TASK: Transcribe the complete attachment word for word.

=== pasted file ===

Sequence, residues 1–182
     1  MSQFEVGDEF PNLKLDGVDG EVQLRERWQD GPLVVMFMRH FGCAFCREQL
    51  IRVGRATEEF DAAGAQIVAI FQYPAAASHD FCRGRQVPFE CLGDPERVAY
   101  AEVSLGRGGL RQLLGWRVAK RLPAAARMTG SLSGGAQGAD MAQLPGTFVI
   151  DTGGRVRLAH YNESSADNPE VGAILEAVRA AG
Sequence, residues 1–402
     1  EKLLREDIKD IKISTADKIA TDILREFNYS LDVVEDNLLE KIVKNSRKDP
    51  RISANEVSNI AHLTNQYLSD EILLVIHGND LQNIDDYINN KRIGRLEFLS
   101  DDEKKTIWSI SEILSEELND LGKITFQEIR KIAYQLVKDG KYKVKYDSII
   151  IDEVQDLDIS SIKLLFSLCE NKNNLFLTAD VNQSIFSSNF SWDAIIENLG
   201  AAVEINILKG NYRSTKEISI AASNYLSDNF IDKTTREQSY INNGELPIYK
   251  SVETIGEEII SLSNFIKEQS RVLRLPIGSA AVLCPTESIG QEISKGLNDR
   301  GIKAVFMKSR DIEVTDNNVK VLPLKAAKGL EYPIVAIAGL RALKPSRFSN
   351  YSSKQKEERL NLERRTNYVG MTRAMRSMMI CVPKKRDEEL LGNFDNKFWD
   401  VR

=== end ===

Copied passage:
Sequence, residues 1–182
     1  MSQFEVGDEF PNLKLDGVDG EVQLRERWQD GPLVVMFMRH FGCAFCREQL
    51  IRVGRATEEF DAAGAQIVAI FQYPAAASHD FCRGRQVPFE CLGDPERVAY
   101  AEVSLGRGGL RQLLGWRVAK RLPAAARMTG SLSGGAQGAD MAQLPGTFVI
   151  DTGGRVRLAH YNESSADNPE VGAILEAVRA AG
Sequence, residues 1–402
     1  EKLLREDIKD IKISTADKIA TDILREFNYS LDVVEDNLLE KIVKNSRKDP
    51  RISANEVSNI AHLTNQYLSD EILLVIHGND LQNIDDYINN KRIGRLEFLS
   101  DDEKKTIWSI SEILSEELND LGKITFQEIR KIAYQLVKDG KYKVKYDSII
   151  IDEVQDLDIS SIKLLFSLCE NKNNLFLTAD VNQSIFSSNF SWDAIIENLG
   201  AAVEINILKG NYRSTKEISI AASNYLSDNF IDKTTREQSY INNGELPIYK
   251  SVETIGEEII SLSNFIKEQS RVLRLPIGSA AVLCPTESIG QEISKGLNDR
   301  GIKAVFMKSR DIEVTDNNVK VLPLKAAKGL EYPIVAIAGL RALKPSRFSN
   351  YSSKQKEERL NLERRTNYVG MTRAMRSMMI CVPKKRDEEL LGNFDNKFWD
   401  VR